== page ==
When Machelle Pearson learned last July that her life sentence would be vacated, she sent home a sepia-toned Polaroid of her late mother that she’d kept in a Bible during her 33 years of incarceration. But then her hopes of release were dashed. Pearson, like many of the roughly 2,500 people sentenced as teenagers to a mandatory sentence of life without parole, has been on a legal roller coaster ever since the Supreme Court ruled in a pair of decisions that juvenile lifers must be provided with a reasonable opportunity for release. Miller v. Alabama (2012) established that indiscriminately sentencing people under 18 to die in prison is unconstitutional. Montgomery v. Louisiana (2016) requires the Miller decision to be applied retroactively. These decisions establish that resentencing must take into account the fact that juveniles are inherently less culpable than adults due to brain-development patterns and their potential to be rehabilitated. In these cases, advocates successfully proved that teenagers sentenced to life in prison weren’t the irredeemable “superpredators” that they were made out to be in the 1980s and ’90s, when most of these individuals were sentenced—and that they didn’t deserve to die in prison. Nineteen states have eliminated mandatory sentences of life without parole for juveniles entirely. Hundreds of people have been resentenced to lesser terms since Miller, many since Montgomery. But most, like Pearson, have been in a kind of legislative limbo this past year, unsure of their rights. While the Supreme Court decisions have been hailed as victories of criminal-justice reform, some states are dragging their heels when it comes to giving juvenile lifers their day in court. These 2,500 adult men and women remain uncertain whether they’ll die in prison or be offered a second chance.
The Supreme Court decisions grant some flexibility: Montgomery allows states to maintain life sentences for those whose crime illustrates “irreparable corruption” or “permanent incorrigibility.” The phrases are intended to apply to people with a record of heinous violence, but their flexibility is keeping large numbers of juvenile lifers in prison, many of whom receive only cursory hearings. “The problem with Montgomery/Miller is that it stopped short of banning life without parole for children altogether…. Judges and prosecutors [are] interpreting this guidance from the Court in different ways,” said Jody Kent Lavy, executive director of the Campaign for the Fair Sentencing of Youth. “Your sentence is going to be determined by which state you live in rather than your culpability or role in the crime and individual circumstance.”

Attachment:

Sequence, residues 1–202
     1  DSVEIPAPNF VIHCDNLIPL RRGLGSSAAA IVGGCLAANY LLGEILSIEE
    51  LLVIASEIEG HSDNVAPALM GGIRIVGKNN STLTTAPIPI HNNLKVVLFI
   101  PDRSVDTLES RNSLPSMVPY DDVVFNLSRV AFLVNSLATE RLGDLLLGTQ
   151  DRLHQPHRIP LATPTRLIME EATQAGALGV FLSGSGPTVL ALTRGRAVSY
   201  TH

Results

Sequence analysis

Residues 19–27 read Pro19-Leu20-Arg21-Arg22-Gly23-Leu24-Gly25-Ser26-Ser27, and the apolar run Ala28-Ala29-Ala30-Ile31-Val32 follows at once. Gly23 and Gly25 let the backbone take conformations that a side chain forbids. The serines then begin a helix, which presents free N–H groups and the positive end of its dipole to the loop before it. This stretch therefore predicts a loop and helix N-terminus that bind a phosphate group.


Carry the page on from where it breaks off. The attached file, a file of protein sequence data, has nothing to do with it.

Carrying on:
The states with the highest juvenile life-without-parole (JLWOP) populations have some of the most punitive and troubled resentencing processes. Pennsylvania has over 400 juvenile lifers—the highest number in the country—with many of these cases stuck in a legal quagmire and only a handful of people resentenced. In Louisiana, more than 200 men and women are serving out mandatory JLWOP sentences. Judges still regularly impose new life sentences on teenagers in court. Pearson is incarcerated in Michigan, which has approximately 360 JLWOP offenders—the second-highest number in the country—and prosecutors are seeking new life sentences for the vast majority of them. Those for whom prosecutors are not seeking new life-without-parole sentences are subject to legal wrangling for resentencing dates to determine a new prison term with a set number of years.
Today, Pearson is a tough 50-year-old woman with cropped, graying hair. She has changed dramatically since the days when she was an immature, traumatized 17-year-old who, she alleges, accidentally killed the wife of an editorial columnist in Ann Arbor, during a robbery initiated by Pearson’s abusive boyfriend. She has been waiting for more than a year to prove that to a judge.
The country’s approximately 50 female JLWOP inmates represent a small fraction of the juvenile-lifer population, but the number of women serving life sentences overall is growing more quickly than that of men, according to a study by Ashley Nellis, a senior research analyst at the Sentencing Project. The women interviewed for this article also told me that they felt less informed about what was going on with their cases legally than their male counterparts.